Demand for palm oil, rubber, timber in Bangladesh increased: Malaysian minister


Malaysian Minister for Plantation Industry and Commodities Zuraida Kamaruddin. Photo: Collected


Malaysian Minister for Plantation Industry and Commodities Zuraida Kamaruddin. Photo: Collected

Malaysia sees huge investment potential in Bangladesh, particularly in the palm oil, rubber and timber industries as demand for such commodities in Bangladesh has increased recently.

“Compared to December last year, imports of palm oil from Malaysia to Bangladesh have increased by 113 percent. Import volumes of other products such as timber and rubber have also increased,” said Malaysian Minister of Plantation Industry and Raw Materials Zuraida Kamaruddin.

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Bilateral trade between the two countries is worth more than US$2 billion, with Malaysia exporting US$1.5 billion worth of products annually.

Bangladesh’s burgeoning market of 180 million people and growing housing and construction industries is a good opportunity for Malaysia to invest in and also increase exports, Zuraida told a journalist at a press conference at a city hotel today.

Zuraida arrived in Bangladesh on February 23 after a visit to India to learn about the potential to boost bilateral trade and investment.

She met with the Prime Minister, the Trade Minister, the Finance Minister and the business community. Upon her return to Malaysia, she will also meet the Malaysian investors and convince them that Bangladesh is a lucrative investment destination.

Bangladesh has GSP facilities for the EU, it has duty-free access to India and China, and the country has a favorable foreign investment policy. Given all of these factors, it’s entirely possible for Malaysian companies to invest here, she said.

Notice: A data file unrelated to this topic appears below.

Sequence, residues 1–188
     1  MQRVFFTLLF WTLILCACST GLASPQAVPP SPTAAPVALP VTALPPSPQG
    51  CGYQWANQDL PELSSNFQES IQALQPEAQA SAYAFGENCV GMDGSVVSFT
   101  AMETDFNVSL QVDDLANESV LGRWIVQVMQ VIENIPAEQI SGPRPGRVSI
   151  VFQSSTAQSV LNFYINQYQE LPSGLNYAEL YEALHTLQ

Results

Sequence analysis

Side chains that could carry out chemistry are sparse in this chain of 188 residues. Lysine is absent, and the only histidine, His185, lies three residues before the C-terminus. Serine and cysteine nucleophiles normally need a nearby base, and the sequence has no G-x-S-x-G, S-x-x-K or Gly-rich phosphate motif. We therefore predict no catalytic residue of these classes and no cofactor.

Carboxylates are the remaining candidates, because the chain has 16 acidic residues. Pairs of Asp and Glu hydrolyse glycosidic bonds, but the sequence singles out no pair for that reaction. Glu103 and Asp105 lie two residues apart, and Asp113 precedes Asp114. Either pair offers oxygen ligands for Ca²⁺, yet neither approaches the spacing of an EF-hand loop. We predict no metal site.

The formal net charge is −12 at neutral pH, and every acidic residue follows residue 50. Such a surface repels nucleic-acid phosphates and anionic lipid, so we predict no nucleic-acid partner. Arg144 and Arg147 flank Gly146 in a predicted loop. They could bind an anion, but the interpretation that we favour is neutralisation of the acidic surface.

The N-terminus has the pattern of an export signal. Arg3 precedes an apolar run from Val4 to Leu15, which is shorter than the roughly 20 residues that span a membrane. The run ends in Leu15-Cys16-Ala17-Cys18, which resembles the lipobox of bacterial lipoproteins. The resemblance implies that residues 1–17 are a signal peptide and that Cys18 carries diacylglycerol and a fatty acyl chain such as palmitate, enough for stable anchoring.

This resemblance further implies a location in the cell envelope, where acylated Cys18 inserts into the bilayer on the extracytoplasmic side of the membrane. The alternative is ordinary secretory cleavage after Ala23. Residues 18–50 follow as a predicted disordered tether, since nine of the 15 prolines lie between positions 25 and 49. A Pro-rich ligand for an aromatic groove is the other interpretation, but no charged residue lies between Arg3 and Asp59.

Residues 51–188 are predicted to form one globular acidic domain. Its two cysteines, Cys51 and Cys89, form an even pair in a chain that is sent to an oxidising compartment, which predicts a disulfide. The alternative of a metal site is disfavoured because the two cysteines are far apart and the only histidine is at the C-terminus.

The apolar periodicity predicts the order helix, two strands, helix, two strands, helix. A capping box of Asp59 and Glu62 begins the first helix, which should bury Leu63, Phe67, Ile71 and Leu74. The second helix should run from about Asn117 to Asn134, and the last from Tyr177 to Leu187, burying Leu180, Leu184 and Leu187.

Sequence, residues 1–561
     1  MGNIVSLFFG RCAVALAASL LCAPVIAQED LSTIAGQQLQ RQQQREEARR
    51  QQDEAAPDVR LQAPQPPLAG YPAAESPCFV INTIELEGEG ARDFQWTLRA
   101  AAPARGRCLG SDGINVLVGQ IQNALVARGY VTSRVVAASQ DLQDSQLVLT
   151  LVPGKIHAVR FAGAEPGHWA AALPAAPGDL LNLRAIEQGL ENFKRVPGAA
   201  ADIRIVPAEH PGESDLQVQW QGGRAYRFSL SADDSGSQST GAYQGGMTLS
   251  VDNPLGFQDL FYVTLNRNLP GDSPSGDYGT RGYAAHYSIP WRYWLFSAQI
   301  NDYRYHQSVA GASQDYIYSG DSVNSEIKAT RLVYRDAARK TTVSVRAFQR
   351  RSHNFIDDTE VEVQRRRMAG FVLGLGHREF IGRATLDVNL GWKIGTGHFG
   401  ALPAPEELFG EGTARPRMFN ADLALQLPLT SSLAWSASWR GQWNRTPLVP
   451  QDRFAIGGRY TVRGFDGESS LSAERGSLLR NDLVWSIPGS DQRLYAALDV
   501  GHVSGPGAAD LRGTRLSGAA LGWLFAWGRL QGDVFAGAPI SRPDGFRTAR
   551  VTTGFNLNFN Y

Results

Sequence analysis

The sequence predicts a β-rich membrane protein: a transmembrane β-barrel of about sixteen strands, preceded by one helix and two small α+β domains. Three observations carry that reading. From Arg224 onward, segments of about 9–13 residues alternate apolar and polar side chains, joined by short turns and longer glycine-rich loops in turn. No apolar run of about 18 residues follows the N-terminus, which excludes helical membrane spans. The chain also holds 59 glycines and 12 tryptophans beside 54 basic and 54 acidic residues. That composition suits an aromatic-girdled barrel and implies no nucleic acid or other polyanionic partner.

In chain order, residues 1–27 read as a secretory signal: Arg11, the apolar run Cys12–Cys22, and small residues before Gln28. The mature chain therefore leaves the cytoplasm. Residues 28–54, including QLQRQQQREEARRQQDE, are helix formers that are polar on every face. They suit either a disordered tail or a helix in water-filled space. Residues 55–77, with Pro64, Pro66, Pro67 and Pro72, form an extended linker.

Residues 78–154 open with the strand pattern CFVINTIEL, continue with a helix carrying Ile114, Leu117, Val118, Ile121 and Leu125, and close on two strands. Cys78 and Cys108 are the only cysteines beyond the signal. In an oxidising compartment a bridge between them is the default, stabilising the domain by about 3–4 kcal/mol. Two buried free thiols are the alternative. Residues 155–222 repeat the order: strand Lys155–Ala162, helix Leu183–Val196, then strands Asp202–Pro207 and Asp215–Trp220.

Bangladesh’s housing and construction sector is booming, building a lot of infrastructure, including roads, railways and highways. Malaysia has expertise in these sectors and can both increase its exports and let Malaysian companies invest here, she said.

“Some businessmen and ministers said they had land and Malaysian companies could partner or cooperate,” Zuraida said.

Malaysia can export wood, rubber and palm oil and have them processed here. Also, Malaysia can export finished products, she said.

On the other hand, Bangladesh can export textiles, shoes and foam products to Malaysia.

In June, Malaysia will host an agricultural commodities exhibition where foreign companies can meet and explore opportunities for partnership and cooperation.

Malaysian minister visits South Asia, Middle East and UK as part of post-Covid Malaysia export promotion.

When asked when Malaysia could open the market to Bangladeshi workers, she said it would start soon, but was unable to say.

She said her ministry is responsible for workers’ welfare but not for recruitment.

When asked about labor abuse, Zuraida said there weren’t many reports of abuse in the plantation industry.


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